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On June 3, the Supreme Court ruled 5-4 to overturn a ruling by Maryland’s Appeals Court regarding law enforcement’s ability to take DNA samples. The ruling means that law enforcement agencies can take DNA from a suspect they have detained in relation to a serious crime. The new ruling means that taking DNA samples will be regarded as part of standard booking procedure, along with taking fingerprints, photographs and other information about the suspect.

Supreme Court Ruling May Mean Big Changes for Criminal Defense Lawyers

Law enforcement agencies were quick to hail the ruling as a victory, according to reports in Reuters. The case involved a rape conviction from 2009. The case was overturned in 2010 when the Maryland appeals court held that the suspect, who was sentenced to life in prison, had his Fifth Amendment rights violated by the DNA gathering. The police had established no connection between the suspect and the rape, which occurred in 2003, when they performed the test. The suspect was arrested on two assault charges at the time that the DNA was gathered, according to the report.


Dissent on this ruling came from both conservative and liberal judges. Antonin Scalia, one of the most conservative justices on the court, noted in his dissent that the DNA was not gathered until days after the arrest, though the standard booking procedures were undertaken immediately. There is also some controversy about the use of the term “serious offenses” in the Supreme Court opinion. According to reporting, Scalia noted that DNA could theoretically be gathered after any arrest.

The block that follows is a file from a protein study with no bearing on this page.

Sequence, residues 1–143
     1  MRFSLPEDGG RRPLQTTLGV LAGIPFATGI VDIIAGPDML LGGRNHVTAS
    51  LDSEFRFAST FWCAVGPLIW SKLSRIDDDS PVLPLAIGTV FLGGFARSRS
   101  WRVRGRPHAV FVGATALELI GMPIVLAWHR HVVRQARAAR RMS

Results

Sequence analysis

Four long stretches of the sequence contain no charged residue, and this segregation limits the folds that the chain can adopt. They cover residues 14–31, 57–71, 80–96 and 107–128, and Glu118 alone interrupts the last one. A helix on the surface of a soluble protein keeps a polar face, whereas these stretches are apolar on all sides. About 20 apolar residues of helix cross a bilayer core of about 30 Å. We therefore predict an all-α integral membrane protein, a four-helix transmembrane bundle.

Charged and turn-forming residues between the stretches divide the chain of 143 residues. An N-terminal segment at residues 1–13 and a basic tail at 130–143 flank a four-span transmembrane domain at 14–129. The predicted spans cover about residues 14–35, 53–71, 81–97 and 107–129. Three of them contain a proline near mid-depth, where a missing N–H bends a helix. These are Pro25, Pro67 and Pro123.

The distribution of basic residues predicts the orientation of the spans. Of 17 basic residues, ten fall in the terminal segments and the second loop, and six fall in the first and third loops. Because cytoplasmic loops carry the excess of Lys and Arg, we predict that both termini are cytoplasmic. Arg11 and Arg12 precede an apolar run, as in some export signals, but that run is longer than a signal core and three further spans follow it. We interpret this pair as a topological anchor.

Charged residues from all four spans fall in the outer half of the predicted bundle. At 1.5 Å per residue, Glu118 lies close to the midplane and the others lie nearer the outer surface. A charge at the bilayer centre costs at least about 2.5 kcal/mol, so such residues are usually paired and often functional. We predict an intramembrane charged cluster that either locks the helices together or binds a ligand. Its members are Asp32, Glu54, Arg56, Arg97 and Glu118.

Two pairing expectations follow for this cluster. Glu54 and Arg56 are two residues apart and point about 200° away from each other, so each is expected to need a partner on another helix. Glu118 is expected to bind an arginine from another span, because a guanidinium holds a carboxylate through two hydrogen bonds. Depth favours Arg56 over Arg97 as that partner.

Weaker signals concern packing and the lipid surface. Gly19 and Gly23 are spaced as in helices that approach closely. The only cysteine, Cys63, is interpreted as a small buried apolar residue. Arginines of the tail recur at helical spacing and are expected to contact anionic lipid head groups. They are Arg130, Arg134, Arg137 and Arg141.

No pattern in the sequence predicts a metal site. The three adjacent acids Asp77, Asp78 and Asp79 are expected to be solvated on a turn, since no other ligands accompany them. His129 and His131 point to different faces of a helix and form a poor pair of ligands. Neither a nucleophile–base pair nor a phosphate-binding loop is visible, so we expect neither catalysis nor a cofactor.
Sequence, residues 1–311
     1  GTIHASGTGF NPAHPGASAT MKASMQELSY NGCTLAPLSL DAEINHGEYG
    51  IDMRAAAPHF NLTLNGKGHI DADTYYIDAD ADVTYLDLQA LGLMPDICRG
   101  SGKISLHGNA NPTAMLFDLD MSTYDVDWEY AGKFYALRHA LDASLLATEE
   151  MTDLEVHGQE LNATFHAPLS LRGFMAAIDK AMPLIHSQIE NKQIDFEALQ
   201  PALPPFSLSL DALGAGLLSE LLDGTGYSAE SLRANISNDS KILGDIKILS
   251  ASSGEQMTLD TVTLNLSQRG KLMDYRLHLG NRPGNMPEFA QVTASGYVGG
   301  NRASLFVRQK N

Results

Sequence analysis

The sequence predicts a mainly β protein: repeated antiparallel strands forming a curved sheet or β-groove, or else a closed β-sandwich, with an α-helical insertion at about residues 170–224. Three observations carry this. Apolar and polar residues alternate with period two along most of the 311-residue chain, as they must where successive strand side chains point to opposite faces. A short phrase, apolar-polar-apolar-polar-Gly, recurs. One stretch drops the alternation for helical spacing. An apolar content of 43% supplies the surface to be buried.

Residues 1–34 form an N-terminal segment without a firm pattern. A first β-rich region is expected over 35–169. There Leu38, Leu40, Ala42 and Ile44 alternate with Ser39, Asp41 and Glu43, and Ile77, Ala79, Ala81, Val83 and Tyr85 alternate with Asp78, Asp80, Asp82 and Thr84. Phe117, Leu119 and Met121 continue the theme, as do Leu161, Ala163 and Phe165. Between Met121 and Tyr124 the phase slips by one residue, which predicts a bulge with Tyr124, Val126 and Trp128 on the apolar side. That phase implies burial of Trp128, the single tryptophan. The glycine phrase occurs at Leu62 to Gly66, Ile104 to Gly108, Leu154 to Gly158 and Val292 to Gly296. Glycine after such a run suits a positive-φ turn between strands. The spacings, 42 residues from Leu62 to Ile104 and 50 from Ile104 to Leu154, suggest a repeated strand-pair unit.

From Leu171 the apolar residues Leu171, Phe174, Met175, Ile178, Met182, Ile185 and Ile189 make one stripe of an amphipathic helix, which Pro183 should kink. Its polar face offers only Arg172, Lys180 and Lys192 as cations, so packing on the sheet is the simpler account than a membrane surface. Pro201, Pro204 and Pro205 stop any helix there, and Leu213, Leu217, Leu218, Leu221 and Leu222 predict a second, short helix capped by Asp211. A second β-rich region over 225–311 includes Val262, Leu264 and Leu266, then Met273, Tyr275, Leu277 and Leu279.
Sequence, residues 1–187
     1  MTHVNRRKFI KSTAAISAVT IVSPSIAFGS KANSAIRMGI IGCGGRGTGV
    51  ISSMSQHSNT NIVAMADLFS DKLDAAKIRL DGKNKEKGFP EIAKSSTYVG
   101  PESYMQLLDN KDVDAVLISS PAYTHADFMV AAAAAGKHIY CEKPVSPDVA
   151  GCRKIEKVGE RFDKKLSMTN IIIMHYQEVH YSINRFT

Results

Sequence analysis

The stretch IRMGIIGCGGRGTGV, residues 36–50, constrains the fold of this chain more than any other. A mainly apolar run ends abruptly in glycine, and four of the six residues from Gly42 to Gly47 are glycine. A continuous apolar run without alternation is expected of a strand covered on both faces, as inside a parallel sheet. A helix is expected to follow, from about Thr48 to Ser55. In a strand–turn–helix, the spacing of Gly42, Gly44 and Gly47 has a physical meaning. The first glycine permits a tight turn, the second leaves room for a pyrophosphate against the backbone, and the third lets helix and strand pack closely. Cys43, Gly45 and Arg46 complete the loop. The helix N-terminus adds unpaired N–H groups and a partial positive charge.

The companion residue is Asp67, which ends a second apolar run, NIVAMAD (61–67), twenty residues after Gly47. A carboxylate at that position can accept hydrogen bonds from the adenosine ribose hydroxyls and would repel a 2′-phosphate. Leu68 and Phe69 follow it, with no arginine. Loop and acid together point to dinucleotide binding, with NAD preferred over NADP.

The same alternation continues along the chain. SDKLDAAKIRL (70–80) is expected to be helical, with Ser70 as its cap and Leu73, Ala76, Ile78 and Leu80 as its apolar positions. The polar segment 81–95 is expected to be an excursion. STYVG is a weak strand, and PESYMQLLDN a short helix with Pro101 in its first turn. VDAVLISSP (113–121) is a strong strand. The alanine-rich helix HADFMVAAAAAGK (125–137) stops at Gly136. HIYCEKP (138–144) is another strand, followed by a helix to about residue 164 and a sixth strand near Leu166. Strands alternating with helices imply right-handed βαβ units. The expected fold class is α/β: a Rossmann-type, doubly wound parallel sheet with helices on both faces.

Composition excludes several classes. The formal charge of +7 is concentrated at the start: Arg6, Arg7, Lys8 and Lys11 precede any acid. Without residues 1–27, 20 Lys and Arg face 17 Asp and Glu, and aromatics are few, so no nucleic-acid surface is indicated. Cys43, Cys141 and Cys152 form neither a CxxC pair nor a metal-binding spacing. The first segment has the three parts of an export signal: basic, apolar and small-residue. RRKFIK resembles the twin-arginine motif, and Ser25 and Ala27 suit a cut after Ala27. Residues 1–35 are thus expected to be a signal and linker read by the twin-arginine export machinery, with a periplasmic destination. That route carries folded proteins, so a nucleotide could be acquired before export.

The Maryland Attorney General, Douglas Gansler, called the ruling a “victory” for law enforcement, as quoted in the story. Law enforcement agencies hold that the ruling will allow them to solve cold cases that may have been languishing for years. He also mentioned that the evidence could help to clear the names of those who have been wrongly convicted.

In addition to a mix of conservative and liberal justices, DNA gathering in the fashion addressed by the ruling was opposed by the American Civil Liberties Union. The organization likened the policy to allowing the police to conduct searches without a warrant and without having any particular suspicion that the person arrested committed a particular crime. The Reuters report quotes FBI statistics regarding DNA gathering. According to that information, there are 10 million convicted persons who have had their DNA gathered and 1.3 million people who have been arrested.

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